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Enhanced contact tracing and testing for ‘Delta plus’ variant after 41 cases identified in UK

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Measures including enhanced contact tracing and testing have been put in place after the UK identified dozens of cases of the “Delta plus” variant.

Speaking this afternoon, the prime minister’s spokesman said the government and Public Health England had put the precautions in place where the new coronavirus variant had been identified.

He added that 41 cases had been found in the UK, and “enhanced contact tracing, testing, and isolation” were among the steps taken.

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Cases of the variant have been identified in the East Midlands, London, the North West, South East, South West and West Midlands as of 14 June.

It was first sequenced in the UK on 26 April, and the initial five people to be identified with it had been in contact with individuals who travelled through or from Nepal and Turkey.

These cases were all in the West Midlands.

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The Delta plus variant is similar to the original Delta strain, with an additional mutation called K417N.

Officials in India have said the strain appears to be more transmissible than the base Delta – or B.1.617.2 – variant.

The country has labelled the strain a “variant of concern”, after 16 cases were found in the state of Maharashtra.

However, Francois Balloux, professor of Computational Systems Biology and the director of the University College London Genetics Institute, says there is less to be concerned about.

Professor Balloux said: “Cases of the Delta plus variant in the UK remain at a very low level. The first case was observed on 28 April 2021. The lineage has remained at very low frequency since with no sign of expansion.”

The scientist added that the low number of cases of this variant wherever it has appeared “strongly suggest it is not more transmissible than its Delta progenitor”.

Public Health England’s latest report on variants – published on Friday but only recently coming to attention – confirms 41 of the 75,953 Delta variant cases sequenced in the UK had the K417N mutation.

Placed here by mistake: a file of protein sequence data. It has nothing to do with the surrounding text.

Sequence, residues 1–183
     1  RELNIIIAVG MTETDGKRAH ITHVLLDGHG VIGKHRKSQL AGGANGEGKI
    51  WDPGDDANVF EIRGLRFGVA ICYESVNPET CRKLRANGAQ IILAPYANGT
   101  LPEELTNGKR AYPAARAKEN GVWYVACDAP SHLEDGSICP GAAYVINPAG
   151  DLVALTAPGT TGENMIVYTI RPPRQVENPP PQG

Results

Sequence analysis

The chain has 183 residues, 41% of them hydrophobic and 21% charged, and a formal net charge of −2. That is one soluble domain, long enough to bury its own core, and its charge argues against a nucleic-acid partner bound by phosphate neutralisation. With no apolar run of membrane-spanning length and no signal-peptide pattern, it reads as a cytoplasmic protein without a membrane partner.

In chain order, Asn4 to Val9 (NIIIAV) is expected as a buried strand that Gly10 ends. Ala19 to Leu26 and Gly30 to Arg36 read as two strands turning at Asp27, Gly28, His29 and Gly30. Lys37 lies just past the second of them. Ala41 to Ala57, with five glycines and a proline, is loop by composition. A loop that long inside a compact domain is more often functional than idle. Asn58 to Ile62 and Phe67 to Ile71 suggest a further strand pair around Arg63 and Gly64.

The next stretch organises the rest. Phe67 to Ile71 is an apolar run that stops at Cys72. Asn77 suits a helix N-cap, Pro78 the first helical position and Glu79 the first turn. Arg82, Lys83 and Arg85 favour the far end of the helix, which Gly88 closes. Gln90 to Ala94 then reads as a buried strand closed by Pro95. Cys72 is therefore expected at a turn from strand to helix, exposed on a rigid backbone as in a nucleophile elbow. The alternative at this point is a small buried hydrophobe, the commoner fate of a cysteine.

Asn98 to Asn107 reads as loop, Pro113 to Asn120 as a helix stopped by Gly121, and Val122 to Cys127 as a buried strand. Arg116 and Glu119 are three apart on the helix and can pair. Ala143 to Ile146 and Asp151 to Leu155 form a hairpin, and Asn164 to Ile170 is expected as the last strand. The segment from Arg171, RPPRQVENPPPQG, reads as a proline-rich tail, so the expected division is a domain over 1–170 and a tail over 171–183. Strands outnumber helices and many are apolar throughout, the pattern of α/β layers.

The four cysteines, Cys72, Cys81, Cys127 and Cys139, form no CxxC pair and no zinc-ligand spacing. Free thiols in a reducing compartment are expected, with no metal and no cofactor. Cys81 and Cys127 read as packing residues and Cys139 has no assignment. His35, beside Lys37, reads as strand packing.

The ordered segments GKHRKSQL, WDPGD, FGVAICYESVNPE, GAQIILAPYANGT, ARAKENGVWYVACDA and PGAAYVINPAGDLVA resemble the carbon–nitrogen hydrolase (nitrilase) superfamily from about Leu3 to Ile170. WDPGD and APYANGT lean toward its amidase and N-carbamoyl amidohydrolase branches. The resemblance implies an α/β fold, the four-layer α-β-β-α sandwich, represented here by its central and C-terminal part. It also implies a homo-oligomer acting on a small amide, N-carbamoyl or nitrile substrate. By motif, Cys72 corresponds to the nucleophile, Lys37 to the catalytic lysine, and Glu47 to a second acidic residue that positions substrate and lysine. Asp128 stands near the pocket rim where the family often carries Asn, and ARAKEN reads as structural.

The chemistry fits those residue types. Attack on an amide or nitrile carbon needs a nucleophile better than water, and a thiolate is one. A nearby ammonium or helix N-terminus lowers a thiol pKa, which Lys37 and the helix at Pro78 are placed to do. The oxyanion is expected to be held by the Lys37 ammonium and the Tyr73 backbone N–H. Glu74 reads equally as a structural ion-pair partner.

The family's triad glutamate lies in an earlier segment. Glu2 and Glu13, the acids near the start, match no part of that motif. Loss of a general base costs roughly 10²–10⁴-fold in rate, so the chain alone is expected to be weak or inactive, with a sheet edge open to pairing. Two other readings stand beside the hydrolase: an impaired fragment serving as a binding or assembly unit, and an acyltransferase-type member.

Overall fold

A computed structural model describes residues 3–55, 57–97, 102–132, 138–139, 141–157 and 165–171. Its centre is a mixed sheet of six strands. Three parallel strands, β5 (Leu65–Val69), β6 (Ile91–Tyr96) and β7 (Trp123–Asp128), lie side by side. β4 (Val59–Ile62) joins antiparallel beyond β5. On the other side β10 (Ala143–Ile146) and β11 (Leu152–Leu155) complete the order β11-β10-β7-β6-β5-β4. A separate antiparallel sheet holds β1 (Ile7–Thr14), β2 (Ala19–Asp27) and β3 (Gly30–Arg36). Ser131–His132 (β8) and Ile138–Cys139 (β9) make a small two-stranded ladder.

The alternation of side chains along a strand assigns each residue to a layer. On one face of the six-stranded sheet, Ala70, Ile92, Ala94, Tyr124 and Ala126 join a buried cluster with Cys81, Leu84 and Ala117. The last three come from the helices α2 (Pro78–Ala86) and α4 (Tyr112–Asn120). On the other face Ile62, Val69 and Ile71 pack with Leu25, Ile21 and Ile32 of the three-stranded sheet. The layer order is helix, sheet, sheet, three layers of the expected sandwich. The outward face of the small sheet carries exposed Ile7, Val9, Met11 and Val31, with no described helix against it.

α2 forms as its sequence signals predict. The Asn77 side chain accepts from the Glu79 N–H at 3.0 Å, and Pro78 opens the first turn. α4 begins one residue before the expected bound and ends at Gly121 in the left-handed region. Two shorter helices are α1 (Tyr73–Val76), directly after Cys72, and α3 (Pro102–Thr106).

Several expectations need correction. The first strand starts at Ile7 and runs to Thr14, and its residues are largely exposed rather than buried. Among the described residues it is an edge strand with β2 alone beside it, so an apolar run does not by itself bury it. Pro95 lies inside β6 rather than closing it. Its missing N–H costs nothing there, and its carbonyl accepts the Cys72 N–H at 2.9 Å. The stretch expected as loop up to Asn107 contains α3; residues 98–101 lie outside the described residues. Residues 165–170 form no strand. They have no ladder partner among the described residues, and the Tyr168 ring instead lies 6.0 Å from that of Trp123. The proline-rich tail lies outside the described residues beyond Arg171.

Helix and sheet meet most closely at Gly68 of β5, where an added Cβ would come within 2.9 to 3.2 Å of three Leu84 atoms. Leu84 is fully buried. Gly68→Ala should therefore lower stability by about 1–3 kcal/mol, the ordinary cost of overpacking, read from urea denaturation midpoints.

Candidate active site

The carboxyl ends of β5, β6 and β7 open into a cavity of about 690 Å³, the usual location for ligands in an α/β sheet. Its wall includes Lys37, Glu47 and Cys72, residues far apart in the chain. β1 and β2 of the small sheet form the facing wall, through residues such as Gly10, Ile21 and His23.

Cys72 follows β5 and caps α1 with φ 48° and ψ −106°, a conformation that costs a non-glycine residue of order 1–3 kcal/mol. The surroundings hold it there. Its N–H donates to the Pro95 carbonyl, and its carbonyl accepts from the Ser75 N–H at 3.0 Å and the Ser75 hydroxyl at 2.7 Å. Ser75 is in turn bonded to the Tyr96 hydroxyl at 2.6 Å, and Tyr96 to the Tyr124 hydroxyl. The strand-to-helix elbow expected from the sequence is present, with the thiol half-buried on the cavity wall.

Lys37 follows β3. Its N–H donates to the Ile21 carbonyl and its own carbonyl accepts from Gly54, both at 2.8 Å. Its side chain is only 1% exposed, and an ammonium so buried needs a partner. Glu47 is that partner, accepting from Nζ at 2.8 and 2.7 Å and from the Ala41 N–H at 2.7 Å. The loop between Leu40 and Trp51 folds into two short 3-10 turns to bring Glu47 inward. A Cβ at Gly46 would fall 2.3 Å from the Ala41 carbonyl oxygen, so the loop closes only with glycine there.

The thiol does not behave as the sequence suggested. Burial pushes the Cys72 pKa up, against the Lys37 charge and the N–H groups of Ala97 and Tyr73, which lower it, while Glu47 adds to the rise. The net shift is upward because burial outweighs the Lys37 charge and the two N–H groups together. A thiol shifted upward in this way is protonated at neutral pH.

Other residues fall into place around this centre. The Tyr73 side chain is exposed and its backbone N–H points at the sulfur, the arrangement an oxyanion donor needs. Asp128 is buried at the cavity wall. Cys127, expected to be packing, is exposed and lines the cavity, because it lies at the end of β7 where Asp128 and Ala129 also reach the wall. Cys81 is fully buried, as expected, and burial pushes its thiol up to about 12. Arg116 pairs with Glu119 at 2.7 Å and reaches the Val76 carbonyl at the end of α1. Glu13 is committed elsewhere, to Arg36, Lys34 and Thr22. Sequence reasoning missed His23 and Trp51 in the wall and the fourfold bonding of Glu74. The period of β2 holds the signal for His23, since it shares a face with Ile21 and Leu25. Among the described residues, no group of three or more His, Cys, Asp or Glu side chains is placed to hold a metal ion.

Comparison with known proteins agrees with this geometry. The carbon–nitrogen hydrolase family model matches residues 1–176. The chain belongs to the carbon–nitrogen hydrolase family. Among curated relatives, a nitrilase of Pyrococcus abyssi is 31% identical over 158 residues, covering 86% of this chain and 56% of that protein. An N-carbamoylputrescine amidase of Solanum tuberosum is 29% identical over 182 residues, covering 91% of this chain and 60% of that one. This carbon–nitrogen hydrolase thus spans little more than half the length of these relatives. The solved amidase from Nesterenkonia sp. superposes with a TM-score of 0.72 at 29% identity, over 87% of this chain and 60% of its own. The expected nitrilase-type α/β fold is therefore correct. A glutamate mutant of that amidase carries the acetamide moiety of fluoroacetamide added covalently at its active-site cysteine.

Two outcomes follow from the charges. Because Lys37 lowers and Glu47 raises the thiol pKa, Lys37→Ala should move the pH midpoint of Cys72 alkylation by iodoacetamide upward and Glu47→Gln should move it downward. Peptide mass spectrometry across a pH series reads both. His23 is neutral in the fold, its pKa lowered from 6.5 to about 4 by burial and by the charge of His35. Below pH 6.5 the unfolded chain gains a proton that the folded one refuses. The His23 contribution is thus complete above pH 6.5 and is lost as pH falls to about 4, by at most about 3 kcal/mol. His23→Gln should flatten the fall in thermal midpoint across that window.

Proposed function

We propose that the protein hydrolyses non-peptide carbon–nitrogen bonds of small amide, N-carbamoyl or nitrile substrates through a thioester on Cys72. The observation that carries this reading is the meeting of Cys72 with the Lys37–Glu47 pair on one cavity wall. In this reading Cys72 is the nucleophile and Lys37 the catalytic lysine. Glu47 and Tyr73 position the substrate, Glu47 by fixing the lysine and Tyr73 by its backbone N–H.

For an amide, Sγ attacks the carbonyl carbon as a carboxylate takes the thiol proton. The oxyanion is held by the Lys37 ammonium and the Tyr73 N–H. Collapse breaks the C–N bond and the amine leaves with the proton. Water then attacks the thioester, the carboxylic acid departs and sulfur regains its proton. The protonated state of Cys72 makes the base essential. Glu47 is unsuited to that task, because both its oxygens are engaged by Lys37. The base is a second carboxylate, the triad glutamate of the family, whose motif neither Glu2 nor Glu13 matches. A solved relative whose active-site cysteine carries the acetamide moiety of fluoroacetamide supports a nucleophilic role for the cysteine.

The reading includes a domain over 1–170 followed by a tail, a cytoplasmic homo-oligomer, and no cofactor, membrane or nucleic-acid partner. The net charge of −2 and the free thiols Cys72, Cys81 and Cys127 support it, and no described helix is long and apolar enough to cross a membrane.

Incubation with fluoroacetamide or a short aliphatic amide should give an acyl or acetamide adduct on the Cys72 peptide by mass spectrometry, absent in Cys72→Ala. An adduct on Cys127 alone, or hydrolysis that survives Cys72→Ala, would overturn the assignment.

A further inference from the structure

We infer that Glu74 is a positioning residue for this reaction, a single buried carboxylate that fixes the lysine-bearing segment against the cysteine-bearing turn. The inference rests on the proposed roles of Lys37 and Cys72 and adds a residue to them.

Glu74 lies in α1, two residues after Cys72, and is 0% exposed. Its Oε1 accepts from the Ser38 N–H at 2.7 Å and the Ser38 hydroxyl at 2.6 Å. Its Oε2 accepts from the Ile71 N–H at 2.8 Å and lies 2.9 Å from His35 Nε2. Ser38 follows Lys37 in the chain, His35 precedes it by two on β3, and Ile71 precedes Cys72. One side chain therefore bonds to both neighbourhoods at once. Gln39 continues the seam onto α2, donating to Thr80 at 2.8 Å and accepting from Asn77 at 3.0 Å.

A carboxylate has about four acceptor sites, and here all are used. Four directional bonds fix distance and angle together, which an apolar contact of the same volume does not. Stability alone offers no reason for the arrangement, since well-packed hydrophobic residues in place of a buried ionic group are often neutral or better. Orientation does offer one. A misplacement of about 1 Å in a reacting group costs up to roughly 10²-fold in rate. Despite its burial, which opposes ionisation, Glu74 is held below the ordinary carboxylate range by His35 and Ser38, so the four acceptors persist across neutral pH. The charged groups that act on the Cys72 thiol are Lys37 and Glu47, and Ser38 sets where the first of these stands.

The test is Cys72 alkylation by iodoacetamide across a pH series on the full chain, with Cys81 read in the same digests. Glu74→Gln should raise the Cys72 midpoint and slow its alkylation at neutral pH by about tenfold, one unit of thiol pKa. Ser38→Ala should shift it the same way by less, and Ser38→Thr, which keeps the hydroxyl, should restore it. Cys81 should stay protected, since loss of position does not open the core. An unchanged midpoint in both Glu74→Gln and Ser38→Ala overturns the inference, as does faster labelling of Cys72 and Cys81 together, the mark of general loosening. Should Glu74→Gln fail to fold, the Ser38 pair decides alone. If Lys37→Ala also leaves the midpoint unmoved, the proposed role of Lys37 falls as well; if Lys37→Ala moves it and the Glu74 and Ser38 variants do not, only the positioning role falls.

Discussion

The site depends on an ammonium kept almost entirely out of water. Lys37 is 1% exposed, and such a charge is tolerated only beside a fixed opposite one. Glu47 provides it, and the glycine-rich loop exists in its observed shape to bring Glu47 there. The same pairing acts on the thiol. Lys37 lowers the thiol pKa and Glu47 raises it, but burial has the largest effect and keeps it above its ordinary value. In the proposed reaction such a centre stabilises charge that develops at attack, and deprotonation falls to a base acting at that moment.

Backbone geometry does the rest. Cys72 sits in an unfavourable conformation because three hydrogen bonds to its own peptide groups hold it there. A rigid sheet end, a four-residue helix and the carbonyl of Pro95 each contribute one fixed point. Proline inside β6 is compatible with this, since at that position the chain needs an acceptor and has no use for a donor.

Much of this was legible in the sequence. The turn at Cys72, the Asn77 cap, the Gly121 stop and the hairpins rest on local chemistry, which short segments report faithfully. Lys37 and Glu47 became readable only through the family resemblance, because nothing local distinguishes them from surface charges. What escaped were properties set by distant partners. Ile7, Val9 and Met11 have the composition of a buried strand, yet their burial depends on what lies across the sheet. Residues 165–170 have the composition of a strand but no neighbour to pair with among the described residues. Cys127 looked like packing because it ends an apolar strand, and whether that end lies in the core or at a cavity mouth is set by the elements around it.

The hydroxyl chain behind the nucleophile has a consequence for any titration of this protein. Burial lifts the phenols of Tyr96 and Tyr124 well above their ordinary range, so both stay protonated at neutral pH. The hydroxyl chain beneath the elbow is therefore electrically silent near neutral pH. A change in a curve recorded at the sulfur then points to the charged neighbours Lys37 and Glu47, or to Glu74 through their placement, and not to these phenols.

As well as India, the PHE document stated that cases of the strain had also been identified in other countries, with one in Canada, 15 in Japan, three in Nepal, nine in Poland, 22 in Portugal , one in Russia, 18 in Switzerland, one in Turkey and 83 in the US.

Professor Balloux says this kind of mutation has arisen a number of times across the pandemic – including in the Beta variant first identified in South Africa.

He added: “The [K417N] mutation may contribute to immune escape, though its impact on transmissibility is not clear-cut.

“None of the lineages carrying it (with the exception of Beta) have been particularly successful so far.”

Experts have repeatedly said that the coronavirus will mutate constantly over time, with some variants posing a risk, as they could escape the immune system.

PHE has said two doses of both the Oxford-AstraZeneca and Pfizer-BioNTech vaccines are effective against the Delta variant – but more data would be needed on a further mutation.

Speaking at a Downing Street press conference on Wednesday, PHE head of immunisation Dr Mary Ramsay said she was “not convinced” that the Delta variant had symptoms different to other COVID strains.

Pressed on people reporting sneezing as a symptom of the new variant, she replied: “I’ve seen the data that you talk about that there might be a slightly different symptom rate with Delta – I’m not that convinced personally myself yet.

“I think one of the problems with these very common symptoms is they are quite difficult to convincingly link to the infection.

“But I think the key message is that people are being tested without symptoms and that’s because we know this infection causes asymptomatic disease quite commonly and a lot of our testing now is being done in asymptomatic people with lateral flow tests etcetera.

nadhim zahawi leads a downing street news conference with Nikki Kanani and Mary Ramsay
Image: Dr Mary Ramsay (left) said she expects the vaccine to work against the new ‘Delta plus’ variant

“So I don’t think there is any evidence that we are missing cases more with this variant than the other variants that preceded it.”

Dr Ramsay also said she expects the vaccines to continue working against the new “Delta plus” variant and said officials are “on top of the situation”.

“We are obviously around those cases we will do enhanced testing and enhanced follow-ups,” she said.

“The good message is that what we expected to happen with Delta was that the vaccines would prove to still work against the more serious disease and we expect the same for this other variant.

“There is also the option of having different vaccine in the future and that is something we will have to continue monitoring.”